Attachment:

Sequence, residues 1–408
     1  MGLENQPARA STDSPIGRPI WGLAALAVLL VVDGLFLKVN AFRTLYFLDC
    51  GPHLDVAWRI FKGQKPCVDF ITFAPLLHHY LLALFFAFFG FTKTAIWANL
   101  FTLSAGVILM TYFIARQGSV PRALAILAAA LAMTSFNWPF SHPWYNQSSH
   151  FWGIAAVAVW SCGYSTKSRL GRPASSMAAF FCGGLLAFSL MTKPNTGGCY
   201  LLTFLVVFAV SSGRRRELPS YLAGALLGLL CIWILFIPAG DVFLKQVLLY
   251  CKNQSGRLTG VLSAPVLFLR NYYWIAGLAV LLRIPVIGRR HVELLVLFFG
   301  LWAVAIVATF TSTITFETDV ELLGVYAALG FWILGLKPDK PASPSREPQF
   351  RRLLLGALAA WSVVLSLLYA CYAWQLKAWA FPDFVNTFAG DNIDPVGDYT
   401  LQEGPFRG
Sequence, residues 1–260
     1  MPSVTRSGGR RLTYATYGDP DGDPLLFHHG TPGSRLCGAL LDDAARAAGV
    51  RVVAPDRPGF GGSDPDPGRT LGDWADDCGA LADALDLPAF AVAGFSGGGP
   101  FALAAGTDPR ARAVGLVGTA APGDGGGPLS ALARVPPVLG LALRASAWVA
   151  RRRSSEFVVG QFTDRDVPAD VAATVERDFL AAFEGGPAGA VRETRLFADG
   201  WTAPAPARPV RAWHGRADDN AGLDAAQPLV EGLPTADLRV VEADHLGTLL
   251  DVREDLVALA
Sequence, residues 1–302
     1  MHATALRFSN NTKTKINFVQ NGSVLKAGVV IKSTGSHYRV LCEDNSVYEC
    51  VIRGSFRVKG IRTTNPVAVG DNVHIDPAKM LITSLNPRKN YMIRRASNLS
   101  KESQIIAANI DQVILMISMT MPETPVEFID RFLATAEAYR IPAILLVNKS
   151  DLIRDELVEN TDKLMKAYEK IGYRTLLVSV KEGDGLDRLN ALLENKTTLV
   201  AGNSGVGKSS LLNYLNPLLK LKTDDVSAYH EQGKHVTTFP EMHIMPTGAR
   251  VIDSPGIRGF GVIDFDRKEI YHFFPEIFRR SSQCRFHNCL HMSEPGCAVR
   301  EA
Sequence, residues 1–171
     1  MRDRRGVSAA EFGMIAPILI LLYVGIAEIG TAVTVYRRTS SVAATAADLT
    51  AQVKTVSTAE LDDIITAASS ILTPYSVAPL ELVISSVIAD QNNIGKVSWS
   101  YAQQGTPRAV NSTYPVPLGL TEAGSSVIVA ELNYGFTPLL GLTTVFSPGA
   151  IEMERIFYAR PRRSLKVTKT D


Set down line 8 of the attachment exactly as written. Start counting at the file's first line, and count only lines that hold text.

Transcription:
   301  LWAVAIVATF TSTITFETDV ELLGVYAALG FWILGLKPDK PASPSREPQF